Chief Executive Officer of the Linden Hospital Complex Rudy Small has been instructed by the Ministry of Health to return to his post effective March 3.
Small was yesterday removed from the post as CEO of the Linden Hospital following days of protest from nurses and other regional officials after he made “salacious comments” about the conduct of nurses, especially those on the nightshift.
However, in a letter dated March 2 from the Ministry of Health’s Permanent Secretary Malcolm Watkins, the Linden Hospital CEO was informed that “the leadership of the Ministry, having had a frank discussion with you, has decided that you are to return to your position as the Chief Executive Officer of the Linden Hospital Complex…”
“The Ministry of Health wishes to caution that we expect you to conduct yourself in a manner consistent with the position you are employed in. we expect that you will engage in activities with the staff that mend the tension in relationship that presently exists,” the letter added.
It went on to note that “we expect your conduct in the future will be consistent with the ideas and mission of the Linden Hospital Complex and that you are faithful to the ideals and the mission of the LHC as you carry out your duties and responsibilities.”
The CEO returned to his office today – triggering an uproar from nurses who took to the streets to demand his permanent removal from the post. The protest actions escalated, causing law enforcement officials to intervene. One nurse alleged that she was physically assaulted by a hospital driver whom she alleged has damaged her phone. The hospital driver has since been taken into police custody.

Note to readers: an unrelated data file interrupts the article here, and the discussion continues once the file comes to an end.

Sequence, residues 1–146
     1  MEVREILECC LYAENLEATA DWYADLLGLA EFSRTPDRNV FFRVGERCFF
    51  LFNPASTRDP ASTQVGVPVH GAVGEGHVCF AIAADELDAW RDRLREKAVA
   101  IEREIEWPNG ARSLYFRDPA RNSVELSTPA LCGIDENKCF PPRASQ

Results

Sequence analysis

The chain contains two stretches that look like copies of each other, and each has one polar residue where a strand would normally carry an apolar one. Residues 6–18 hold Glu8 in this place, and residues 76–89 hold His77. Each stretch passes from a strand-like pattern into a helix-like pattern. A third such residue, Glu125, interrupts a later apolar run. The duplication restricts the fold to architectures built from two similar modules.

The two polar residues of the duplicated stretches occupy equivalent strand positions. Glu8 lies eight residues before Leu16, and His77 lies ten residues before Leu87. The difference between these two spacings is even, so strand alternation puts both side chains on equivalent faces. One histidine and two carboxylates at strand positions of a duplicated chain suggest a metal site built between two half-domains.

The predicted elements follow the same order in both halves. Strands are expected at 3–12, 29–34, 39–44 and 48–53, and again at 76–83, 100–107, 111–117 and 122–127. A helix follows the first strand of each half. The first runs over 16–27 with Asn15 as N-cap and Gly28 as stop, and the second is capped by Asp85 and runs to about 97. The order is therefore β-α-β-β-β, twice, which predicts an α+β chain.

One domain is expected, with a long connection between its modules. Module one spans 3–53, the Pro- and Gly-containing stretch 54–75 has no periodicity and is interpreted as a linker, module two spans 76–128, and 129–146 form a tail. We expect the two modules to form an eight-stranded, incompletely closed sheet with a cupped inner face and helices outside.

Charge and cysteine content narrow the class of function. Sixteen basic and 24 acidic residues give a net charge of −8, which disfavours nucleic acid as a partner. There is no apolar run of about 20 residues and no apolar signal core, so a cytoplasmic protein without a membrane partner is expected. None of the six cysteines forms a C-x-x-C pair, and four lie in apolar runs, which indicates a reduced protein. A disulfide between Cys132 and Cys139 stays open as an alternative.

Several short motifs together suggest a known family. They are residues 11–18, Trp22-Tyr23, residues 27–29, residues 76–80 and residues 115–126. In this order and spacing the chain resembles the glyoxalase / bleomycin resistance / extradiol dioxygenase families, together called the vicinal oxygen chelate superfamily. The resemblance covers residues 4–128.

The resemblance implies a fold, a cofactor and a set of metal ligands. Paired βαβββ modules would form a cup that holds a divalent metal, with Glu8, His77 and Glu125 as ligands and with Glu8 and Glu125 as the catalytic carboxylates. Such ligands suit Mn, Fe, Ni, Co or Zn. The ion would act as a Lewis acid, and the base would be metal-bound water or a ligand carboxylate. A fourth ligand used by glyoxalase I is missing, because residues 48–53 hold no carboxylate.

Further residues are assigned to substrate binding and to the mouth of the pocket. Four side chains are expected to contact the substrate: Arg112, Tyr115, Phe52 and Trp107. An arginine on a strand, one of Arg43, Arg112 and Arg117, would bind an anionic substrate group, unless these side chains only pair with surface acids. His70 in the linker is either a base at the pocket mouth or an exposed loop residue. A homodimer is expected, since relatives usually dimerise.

Meanwhile, the CEO has since issued a statement of apology. In the statement, he said “I am issuing an unequivocal apology to the nurses and all the staff of the Linden Hospital Complex. I made a statement that was hurtful to the nurses and that must have hurt other staff. There is no excuse for my public utterances on this matter, and I am therefore, sincerely apologising to all those that my utterances have hurt.”
Small had previously explained that in mid-February, a reporter from an online news agency which he named, inquired into the reason why the Linden Hospital Complex requested budgetary funding for the introduction of an Electronic Timekeeping System. He said he explained that among the several challenges the Linden Hospital Complex experiences a situation whereby a small number of staff members is signing in to work and then disappearing until the end of their shifts. He said he further explained that it is the strong belief of the Linden Hospital management that the Electronic Timekeeping System would make it more difficult for staff members to leave their shifts for long periods of time.
“At the end of the interview, off the record, the reporter and I engaged in casual banter. During that off-record conversation, certain popular rumours relating to the issue of disappearing staff members were highlighted. Those rumours have nothing to do with the introduction of a timekeeping system at the hospital,” the CEO had explained.